In Part 1 of this series, we discussed how and why the salary minimum for the “white collar” overtime exemption may soon change. In this post, we’ll examine how workers will be impacted by the Department of Labor’s (DOL) new proposed rules.
How Many Workers Will Be Affected
The DOL predicts that if the proposed change becomes final, 4.6 million more workers will become eligible for overtime pay during the first year the change goes into effect. Those millions of workers will include people who are classified as executive, professional, or administrative, and who earn more than $23,600 but less than $50,440 per year (more than $455 but less than $970 per week). Over the next 10 years, an additional 5.6 million more workers could also become eligible for overtime because of this rule change.
When the Change May Go Into Effect
The proposed change will become the law if the DOL issues what’s called a Final Ruling. That is likely to take at least several months. The exact details of the new rule, including the salary minimum, may change from the proposed rule, but the salary minimum is likely to be at least twice as high as it is now.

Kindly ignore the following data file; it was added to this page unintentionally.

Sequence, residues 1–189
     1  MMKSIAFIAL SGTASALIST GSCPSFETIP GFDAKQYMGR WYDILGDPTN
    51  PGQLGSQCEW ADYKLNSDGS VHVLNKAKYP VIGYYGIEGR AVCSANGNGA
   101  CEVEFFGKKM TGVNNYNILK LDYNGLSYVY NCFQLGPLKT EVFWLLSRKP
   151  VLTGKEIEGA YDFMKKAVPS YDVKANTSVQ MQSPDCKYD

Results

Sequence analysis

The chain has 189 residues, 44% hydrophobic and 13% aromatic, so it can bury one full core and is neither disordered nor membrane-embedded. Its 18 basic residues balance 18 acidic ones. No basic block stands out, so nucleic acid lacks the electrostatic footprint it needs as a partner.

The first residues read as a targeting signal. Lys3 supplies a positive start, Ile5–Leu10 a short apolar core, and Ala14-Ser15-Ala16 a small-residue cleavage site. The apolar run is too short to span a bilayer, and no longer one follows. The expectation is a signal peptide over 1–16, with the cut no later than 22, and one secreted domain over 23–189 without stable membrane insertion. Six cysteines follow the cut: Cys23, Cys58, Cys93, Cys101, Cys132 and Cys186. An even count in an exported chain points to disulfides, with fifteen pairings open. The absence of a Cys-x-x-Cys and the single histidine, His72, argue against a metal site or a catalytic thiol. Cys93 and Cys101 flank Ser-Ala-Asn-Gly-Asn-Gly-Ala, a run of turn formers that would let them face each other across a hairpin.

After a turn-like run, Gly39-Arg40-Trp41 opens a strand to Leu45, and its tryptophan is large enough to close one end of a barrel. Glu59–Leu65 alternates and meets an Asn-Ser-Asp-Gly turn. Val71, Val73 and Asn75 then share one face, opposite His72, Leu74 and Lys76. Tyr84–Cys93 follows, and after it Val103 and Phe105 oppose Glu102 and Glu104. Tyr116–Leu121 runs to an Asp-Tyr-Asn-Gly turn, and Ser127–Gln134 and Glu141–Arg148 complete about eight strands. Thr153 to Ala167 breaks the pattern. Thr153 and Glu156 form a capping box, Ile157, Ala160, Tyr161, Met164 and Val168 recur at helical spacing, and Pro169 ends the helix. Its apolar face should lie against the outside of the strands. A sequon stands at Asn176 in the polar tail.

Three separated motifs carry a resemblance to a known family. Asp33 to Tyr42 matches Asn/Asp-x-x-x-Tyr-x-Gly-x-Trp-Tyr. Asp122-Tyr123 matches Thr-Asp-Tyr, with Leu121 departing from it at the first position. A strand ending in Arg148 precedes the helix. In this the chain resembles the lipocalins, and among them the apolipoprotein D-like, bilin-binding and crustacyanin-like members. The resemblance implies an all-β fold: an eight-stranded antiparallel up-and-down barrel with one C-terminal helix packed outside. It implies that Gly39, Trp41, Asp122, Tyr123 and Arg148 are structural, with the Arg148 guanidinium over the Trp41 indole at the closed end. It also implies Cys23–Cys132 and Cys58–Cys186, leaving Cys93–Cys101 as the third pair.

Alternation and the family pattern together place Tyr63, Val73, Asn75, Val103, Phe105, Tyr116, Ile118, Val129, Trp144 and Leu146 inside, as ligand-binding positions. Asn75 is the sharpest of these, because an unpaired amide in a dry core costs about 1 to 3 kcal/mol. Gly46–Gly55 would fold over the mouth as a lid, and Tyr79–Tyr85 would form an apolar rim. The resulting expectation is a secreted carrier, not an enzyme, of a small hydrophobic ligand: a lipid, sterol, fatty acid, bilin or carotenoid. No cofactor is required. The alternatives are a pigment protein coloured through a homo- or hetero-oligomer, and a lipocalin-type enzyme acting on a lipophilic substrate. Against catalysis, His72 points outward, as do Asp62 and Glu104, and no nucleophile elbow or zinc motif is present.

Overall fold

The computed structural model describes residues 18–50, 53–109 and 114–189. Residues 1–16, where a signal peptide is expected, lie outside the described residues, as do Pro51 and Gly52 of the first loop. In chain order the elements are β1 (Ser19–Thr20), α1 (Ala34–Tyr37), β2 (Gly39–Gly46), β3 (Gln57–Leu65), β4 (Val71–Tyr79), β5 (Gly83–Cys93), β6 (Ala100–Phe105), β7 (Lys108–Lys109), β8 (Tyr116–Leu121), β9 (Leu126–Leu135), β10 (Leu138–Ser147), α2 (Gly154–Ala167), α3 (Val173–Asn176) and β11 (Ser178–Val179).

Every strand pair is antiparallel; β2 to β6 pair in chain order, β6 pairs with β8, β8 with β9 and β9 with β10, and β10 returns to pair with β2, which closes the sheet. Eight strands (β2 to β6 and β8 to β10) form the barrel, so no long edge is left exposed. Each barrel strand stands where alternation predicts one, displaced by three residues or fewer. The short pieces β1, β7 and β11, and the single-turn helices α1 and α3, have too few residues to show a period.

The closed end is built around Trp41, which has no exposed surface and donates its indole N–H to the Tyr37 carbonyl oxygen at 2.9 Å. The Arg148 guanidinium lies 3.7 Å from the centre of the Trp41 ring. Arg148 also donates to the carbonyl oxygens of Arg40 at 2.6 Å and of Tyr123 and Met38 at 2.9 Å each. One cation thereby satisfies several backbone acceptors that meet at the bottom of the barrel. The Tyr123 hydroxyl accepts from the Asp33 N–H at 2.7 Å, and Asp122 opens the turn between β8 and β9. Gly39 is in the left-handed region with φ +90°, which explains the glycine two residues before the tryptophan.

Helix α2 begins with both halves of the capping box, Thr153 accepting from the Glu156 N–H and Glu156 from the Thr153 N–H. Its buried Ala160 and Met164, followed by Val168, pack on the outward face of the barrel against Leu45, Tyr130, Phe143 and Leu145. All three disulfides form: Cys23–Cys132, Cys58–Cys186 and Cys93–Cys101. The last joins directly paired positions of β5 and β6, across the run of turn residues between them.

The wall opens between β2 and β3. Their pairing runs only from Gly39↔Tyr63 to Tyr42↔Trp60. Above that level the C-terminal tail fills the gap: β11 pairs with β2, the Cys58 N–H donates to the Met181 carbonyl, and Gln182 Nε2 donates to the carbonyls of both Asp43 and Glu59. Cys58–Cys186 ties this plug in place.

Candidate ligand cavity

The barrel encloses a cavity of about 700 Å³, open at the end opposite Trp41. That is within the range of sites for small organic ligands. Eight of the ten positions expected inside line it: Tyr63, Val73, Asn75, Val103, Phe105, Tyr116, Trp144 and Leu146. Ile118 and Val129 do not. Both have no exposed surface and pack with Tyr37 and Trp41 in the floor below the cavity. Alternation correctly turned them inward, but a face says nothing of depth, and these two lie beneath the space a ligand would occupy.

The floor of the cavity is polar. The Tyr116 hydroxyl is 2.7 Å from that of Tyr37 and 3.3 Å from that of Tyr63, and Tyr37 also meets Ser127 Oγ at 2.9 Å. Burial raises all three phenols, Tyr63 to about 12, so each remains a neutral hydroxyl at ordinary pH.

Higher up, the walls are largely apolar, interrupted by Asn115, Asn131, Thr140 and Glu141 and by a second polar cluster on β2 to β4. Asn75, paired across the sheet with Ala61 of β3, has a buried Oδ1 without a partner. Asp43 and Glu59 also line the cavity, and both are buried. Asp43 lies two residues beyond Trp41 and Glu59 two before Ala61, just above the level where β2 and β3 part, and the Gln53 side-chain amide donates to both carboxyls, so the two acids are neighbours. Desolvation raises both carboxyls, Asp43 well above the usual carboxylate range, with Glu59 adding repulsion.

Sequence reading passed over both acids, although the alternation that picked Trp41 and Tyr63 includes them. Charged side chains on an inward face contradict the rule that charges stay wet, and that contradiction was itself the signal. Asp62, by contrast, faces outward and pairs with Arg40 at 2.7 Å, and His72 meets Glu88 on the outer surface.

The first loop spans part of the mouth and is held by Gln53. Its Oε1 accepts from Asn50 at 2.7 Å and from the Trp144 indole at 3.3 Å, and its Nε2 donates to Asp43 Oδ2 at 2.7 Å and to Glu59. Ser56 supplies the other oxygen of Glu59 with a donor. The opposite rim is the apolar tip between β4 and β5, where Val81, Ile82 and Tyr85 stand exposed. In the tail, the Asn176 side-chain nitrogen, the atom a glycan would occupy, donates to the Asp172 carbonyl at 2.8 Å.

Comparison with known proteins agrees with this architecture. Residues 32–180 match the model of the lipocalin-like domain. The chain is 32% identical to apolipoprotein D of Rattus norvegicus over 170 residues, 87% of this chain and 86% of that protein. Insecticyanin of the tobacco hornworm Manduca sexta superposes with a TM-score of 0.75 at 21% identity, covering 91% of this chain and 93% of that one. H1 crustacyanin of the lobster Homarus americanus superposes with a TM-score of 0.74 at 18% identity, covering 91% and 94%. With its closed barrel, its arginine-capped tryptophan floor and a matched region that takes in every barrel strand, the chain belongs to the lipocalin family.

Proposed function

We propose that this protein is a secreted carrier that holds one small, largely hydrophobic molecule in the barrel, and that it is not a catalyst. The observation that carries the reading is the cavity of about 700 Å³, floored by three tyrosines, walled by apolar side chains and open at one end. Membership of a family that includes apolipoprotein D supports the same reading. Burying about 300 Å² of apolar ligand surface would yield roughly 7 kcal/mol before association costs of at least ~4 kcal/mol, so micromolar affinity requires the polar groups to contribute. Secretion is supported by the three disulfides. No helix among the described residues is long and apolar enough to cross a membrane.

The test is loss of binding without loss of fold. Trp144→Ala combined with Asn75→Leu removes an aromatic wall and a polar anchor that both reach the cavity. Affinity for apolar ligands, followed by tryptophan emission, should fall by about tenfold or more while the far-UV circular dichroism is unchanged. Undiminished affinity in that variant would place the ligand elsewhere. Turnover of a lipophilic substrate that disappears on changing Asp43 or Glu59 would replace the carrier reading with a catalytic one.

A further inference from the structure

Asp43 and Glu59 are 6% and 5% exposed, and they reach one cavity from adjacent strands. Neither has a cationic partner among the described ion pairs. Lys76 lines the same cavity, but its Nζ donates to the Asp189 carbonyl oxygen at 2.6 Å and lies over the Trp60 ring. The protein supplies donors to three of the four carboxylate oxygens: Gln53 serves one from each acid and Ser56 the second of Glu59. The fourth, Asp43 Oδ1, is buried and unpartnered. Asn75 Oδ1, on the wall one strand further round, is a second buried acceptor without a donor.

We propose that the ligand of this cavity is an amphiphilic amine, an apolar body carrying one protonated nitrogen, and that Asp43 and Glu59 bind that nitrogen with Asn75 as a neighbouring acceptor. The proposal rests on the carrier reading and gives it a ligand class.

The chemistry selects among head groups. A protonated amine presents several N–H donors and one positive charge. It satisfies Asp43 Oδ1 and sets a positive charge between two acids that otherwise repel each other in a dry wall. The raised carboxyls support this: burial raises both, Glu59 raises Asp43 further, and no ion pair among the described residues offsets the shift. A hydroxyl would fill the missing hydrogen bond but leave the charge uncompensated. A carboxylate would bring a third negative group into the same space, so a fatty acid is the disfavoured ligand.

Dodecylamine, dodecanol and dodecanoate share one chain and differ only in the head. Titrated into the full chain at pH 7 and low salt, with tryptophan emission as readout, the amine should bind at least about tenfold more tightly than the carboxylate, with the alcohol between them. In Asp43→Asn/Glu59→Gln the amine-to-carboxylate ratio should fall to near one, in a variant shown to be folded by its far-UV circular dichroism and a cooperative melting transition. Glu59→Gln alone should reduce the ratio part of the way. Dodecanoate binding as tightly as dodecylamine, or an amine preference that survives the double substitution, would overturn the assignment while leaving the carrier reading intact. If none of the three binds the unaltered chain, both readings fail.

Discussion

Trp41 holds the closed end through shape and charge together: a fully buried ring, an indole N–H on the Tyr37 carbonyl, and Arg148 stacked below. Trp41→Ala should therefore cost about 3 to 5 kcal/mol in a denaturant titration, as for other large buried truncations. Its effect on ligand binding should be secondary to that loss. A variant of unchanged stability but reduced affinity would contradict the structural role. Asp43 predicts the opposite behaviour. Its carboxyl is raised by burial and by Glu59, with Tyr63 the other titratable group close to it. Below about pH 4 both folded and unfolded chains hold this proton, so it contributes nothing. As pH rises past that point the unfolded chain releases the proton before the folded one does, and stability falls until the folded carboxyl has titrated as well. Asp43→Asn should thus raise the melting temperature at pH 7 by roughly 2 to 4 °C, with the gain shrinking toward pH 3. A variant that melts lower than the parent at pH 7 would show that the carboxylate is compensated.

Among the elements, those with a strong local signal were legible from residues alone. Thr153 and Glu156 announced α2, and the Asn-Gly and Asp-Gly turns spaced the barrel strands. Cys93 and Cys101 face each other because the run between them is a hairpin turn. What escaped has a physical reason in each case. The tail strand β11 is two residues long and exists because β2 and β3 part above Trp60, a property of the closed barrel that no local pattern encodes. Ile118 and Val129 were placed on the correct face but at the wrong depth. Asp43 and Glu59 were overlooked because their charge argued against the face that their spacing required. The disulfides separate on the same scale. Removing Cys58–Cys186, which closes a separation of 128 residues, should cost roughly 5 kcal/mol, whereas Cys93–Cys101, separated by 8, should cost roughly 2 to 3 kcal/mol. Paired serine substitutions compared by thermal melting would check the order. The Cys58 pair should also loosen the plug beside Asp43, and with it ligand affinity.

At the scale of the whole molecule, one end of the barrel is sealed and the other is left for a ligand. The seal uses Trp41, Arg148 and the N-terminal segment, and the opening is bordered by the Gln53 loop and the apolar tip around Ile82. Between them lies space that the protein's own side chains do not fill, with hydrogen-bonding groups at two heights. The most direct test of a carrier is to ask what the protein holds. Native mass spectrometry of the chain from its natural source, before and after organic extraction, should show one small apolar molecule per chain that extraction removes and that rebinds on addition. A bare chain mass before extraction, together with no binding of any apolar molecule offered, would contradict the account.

While the change, if it goes through, will benefit millions of workers, employees should also anticipate how employers might react. Some employers may try to lower their salary costs either by decreasing the number of workers on staff or by hiring more people to reduce the need for anyone to work overtime. Overall, though, the change should be very positive for many U.S. workers, and our team believes it is long overdue.
Are you confused about your rights in the workplace? Call Joseph & Kirschenbaum LLP right now at (212) 688-5640, or email the team at email@example.com, to explore what you can do about an employer who has harassed you or violated other laws, like the Fair Labor Standards Act (FLSA) or New York Labor Laws (NYLL).